What’s the one thing you know now that you wish you’d known at the start of rehearsals?

I wish I had remembered what an undertaking rehearsing in a small rehearsal space was like. It might have stopped me telling the cast, night after night, “you’ll have more room in the venue!”


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“I’d have to go to the Ordovician, about 470 million years ago, to see giant straight-shelled cephalopods–the planet’s very first monsters, who ruled the seas long before dinosaurs evolved!” – Author Danna Staaf discusses Squid Empire

“Cephalopods are not aliens from outer space, but they are the closest we’ve got. They’ve been on an independent evolutionary path from ours for over five hundred million years.”

Before there were mammals on land, there were dinosaurs. And before there were fish in the sea, there were cephalopods―the ancestors of modern squid and Earth’s first truly substantial animals. Cephalopods became the first creatures to rise from the seafloor, essentially inventing the act of swimming. With dozens of tentacles and formidable shells, they presided over an undersea empire for millions of years. But when fish evolved jaws, the ocean’s former top predator became its most delicious snack. Cephalopods had to step up their game.

Many species streamlined their shells and added defensive spines, but these enhancements only provided a brief advantage. Some cephalopods then abandoned the shell entirely, which opened the gates to a flood of evolutionary innovations: masterful camouflage, fin-supplemented jet propulsion, perhaps even dolphin-like intelligence.

Squid Empire is an epic adventure spanning hundreds of millions of years, from the marine life of the primordial ocean to the calamari on tonight’s menu. Anyone who enjoys the undersea world―along with all those obsessed with things prehistoric―will be interested in the sometimes enormous, often bizarre creatures that ruled the seas long before the first dinosaurs.

Danna Staaf is a freelance writer and science communicator with special expertise in cephalopods. Her writing has appeared in ScienceKQEDEarther, and io9, and her first book, Squid Empire: The Rise and Fall of the Cephalopods, was named one of the best science books of 2017 by NPR. She holds a PhD in biology from Stanford University and has spoken at dozens of venues, including the Denver Museum of Nature and Science, the main Google campus in Mountain View, public libraries, universities and schools at every grade level. She lives in San Jose with her husband and an unruly collection of kids, cats, and plants.

Squid Empire: The Rise and Fall of the Cephalopods was published in November 2017 by University Press of New England. To find out more click here.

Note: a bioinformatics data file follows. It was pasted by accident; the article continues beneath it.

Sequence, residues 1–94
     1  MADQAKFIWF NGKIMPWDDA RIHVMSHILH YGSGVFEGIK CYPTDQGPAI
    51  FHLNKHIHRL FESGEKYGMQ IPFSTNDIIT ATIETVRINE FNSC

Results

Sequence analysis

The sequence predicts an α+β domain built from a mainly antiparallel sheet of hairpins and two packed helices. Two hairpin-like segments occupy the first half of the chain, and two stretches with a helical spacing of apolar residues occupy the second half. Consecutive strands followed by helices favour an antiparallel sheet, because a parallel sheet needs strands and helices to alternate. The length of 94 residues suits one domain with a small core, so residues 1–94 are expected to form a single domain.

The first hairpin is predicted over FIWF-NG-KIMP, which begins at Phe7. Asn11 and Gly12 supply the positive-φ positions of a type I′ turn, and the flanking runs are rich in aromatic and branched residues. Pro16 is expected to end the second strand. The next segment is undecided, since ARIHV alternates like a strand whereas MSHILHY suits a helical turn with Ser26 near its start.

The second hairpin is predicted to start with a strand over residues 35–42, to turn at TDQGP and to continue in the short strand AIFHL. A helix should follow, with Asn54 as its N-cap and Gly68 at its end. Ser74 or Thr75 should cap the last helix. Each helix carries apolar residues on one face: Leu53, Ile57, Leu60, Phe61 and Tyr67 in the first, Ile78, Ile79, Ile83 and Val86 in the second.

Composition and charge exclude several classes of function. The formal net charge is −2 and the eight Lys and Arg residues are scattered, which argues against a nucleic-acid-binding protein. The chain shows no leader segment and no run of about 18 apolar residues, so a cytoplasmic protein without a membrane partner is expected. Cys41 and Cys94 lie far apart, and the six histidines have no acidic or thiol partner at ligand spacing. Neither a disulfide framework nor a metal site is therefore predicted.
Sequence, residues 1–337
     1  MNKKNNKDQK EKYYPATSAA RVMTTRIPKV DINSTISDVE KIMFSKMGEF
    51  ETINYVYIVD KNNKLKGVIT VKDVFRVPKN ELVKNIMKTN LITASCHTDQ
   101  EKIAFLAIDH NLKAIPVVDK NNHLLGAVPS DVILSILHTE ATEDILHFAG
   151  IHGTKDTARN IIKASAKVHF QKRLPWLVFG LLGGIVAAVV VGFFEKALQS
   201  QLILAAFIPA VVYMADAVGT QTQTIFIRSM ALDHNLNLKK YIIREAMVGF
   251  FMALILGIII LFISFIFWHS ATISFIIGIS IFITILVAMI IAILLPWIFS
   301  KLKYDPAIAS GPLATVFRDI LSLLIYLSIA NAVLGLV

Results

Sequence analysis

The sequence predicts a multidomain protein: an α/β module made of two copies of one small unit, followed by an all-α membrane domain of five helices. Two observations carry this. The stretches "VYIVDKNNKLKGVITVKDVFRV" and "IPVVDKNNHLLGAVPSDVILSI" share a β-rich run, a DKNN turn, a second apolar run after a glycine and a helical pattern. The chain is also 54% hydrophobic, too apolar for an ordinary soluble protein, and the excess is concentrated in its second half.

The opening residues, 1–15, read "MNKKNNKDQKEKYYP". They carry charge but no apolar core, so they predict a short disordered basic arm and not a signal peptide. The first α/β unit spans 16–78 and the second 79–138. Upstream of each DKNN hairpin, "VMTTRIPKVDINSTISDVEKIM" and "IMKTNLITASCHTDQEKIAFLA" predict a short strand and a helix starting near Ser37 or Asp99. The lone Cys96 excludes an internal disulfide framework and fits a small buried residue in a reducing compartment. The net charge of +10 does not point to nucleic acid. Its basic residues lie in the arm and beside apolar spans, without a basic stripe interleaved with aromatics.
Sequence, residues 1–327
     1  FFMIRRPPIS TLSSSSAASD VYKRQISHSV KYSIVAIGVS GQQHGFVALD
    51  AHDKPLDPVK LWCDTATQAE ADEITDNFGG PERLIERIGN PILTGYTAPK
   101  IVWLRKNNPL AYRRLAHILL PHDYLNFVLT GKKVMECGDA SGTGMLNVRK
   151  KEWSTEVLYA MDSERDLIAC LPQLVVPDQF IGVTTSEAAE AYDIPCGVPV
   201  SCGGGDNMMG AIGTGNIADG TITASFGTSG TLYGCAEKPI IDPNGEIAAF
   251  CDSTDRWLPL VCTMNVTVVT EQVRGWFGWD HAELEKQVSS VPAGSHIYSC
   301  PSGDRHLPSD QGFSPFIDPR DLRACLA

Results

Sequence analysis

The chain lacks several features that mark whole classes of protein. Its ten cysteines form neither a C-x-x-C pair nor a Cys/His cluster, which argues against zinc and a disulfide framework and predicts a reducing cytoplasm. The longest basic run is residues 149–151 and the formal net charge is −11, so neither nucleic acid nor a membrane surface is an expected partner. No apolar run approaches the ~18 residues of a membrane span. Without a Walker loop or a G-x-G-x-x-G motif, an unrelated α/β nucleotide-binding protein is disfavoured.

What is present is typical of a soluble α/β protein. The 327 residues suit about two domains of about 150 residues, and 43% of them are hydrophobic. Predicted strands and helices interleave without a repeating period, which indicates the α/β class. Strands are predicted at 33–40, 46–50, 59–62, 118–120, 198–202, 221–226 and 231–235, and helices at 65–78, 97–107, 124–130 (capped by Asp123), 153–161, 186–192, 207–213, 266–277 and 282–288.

Why cephalopods?

Seriously, you have to ask? All right, fine: Cephalopods are not aliens from outer space, but they are the closest we’ve got. They’ve been on an independent evolutionary path from ours for over five hundred million years. They’ve arrived in the modern world with features that seem incredibly weird to us–elastic tentacles, color-changing skin, suction cups and ink sacs–as well as features that are astonishingly convergent. An octopus eye, for example, has an iris, a lens, and a retina just like yours. Unlike yours, it has no blind spot, no color vision, and it can detect the polarization of light.

Without cephalopods, we would have just one kind of nervous system to study. A mouse, a frog, and even a fish are all so closely related to humans that you could say we all have the same kind of brain. Comparing our brain to an octopus’ brain, however, illuminates a great deal more about how nervous systems work, helping us ask new questions and look for new answers. If you’re at all interested in weird stuff, nothing beats cephalopods for raw coolness. If you’re just interested in humans and how we got to be the way we are–still, nothing beats cephalopods for a truly comparative system.

Cephalopods are remarkably intelligent. Should we feel bad about eating them?

My first impulse is to say “yes.” But that’s too glib, and I’m not into making people feel bad. I am a vegetarian, and I don’t eat cephalopods for the same reason I don’t eat cows or chickens or tuna. I don’t think they need to be considered separately from other animals in that regard. For a lucid and compassionate take on this topic, check out Barbara J. King’s “Calling Team Cephalopod: Why Octopuses Could Never Disappoint.” (link: https://www.npr.org/sections/13.7/2018/03/08/591530441/calling-team-cephalopod-why-octopuses-could-never-disappoint)

What advice would you give to a James Bond supervillain wanting to know which deadly cephalopod species they should restock their lair’s plunge pool trap with?

Blue-ringed octopuses. Despite their small size, these are the only cephalopods that have caused documented human deaths. Their venom contains a potent neurotoxin that can kill a grown human. But then I’d also say to this hypothetical supervillain: don’t bother. Don’t bother yourself, and don’t bother the poor blue-ringed octopuses. They only bite people when they feel really threatened–they’d much rather camouflage themselves and hide–and it’s shoddy supervillainy to make a bunch of innocent octopuses feel threatened all the time. Anyway, you know what’s more deadly than even a blue-ringed octopus? Water. Yeah, all the water that’s already in your plunge pool, because people can’t breathe it. Way more people die by drowning every year than by bites from any kind of wild animal. And with all the time you save by not trying to maintain a finicky venomous animal in a salt-water aquarium, you can get on with some really super supervillainy.

Why is it a big deal that nautiluses are being added to the endangered list?